MONDAY, May 7, 2018 (HealthDay News) -- The rates of severe maternal and neonatal morbidity and mortality are elevated with attempted vaginal delivery after single prior cesarean delivery, according to a study published in the May 7 issue of CMAJ, the journal of the Canadian Medical Association.
Carmen B. Young, M.D., from the University of Alberta in Edmonton, Canada, and colleagues compared maternal and infant outcomes after attempted vaginal birth after cesarean delivery versus elective repeat cesarean delivery.
The researchers found that there were low absolute rates of severe maternal morbidity and mortality, but the rates were significantly higher after attempted vaginal birth versus after elective repeat cesarean delivery (10.7 versus 5.65 per 1,000 deliveries; adjusted rate ratio, 1.96; 95 percent confidence interval, 1.76 to 2.19). Small adjusted rate differences were seen in severe maternal morbidity and mortality (5.42 per 1,000 deliveries) and serious neonatal morbidity and mortality (7.09 per 1,000 deliveries). A temporal worsening was seen for the correlation between vaginal birth after cesarean delivery and serious neonatal morbidity and mortality (adjusted rate ratio, 0.94; 95 percent confidence interval, 0.77 to 1.15 in 2003 to 2005; adjusted rate ratio, 2.07; 95 percent confidence interval, 1.83 to 2.35 in 2012 to 2014).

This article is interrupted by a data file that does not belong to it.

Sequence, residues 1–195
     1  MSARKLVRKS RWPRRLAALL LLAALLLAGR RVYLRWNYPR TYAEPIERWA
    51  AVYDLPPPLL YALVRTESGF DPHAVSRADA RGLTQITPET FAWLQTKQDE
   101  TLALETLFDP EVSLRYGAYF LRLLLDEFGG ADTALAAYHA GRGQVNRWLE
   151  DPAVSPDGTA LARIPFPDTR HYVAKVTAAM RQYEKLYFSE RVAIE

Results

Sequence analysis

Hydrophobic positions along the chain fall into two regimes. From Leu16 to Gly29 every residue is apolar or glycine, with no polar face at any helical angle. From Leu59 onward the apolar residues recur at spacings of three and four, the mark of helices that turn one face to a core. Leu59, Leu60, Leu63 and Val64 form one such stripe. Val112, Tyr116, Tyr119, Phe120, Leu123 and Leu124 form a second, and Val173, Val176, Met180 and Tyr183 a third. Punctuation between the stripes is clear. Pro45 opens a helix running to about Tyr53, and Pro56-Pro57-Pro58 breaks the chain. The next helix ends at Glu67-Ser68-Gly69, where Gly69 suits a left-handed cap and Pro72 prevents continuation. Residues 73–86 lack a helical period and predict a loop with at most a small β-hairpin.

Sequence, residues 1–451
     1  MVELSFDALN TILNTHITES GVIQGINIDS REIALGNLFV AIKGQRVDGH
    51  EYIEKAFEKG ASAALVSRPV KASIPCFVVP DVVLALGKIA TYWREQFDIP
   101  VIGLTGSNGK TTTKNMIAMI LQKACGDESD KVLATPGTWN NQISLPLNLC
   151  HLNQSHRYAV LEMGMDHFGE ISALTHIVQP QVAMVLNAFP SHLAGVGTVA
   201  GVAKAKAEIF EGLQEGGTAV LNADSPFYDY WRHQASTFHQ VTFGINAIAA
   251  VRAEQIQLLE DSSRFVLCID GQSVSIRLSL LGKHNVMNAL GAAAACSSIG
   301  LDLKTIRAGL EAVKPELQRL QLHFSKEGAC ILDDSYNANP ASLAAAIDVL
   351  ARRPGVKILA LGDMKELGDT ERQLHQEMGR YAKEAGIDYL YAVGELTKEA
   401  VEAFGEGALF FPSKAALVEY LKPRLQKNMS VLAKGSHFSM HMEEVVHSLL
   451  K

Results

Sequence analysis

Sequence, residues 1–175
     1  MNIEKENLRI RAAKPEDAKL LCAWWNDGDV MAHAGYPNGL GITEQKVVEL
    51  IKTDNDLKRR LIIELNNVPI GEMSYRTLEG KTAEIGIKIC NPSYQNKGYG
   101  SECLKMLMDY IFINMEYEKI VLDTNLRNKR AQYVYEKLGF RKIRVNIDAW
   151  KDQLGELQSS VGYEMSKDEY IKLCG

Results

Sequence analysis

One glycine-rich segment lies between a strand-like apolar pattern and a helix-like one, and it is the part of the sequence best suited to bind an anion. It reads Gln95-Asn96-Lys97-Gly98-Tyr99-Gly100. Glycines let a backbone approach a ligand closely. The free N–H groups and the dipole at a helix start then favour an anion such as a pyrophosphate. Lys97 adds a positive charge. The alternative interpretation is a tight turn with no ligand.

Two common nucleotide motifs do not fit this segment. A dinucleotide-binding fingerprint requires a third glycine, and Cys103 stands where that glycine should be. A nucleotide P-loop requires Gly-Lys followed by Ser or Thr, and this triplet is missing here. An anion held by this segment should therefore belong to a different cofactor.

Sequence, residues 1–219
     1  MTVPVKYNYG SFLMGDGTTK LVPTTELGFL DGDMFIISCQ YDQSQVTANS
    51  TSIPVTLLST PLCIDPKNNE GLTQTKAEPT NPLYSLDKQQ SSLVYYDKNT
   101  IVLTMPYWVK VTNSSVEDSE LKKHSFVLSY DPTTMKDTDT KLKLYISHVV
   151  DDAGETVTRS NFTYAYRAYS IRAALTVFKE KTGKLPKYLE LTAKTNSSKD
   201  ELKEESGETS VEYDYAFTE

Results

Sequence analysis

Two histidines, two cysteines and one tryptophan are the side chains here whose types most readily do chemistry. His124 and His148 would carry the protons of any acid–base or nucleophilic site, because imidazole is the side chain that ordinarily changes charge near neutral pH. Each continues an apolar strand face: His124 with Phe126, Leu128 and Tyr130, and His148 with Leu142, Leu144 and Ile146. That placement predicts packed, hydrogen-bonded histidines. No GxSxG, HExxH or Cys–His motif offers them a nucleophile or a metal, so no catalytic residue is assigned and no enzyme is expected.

"Temporal worsening of infant outcomes after attempted vaginal birth after cesarean delivery highlights the need for greater care in selecting candidates, and more careful monitoring of labor and delivery," the authors write.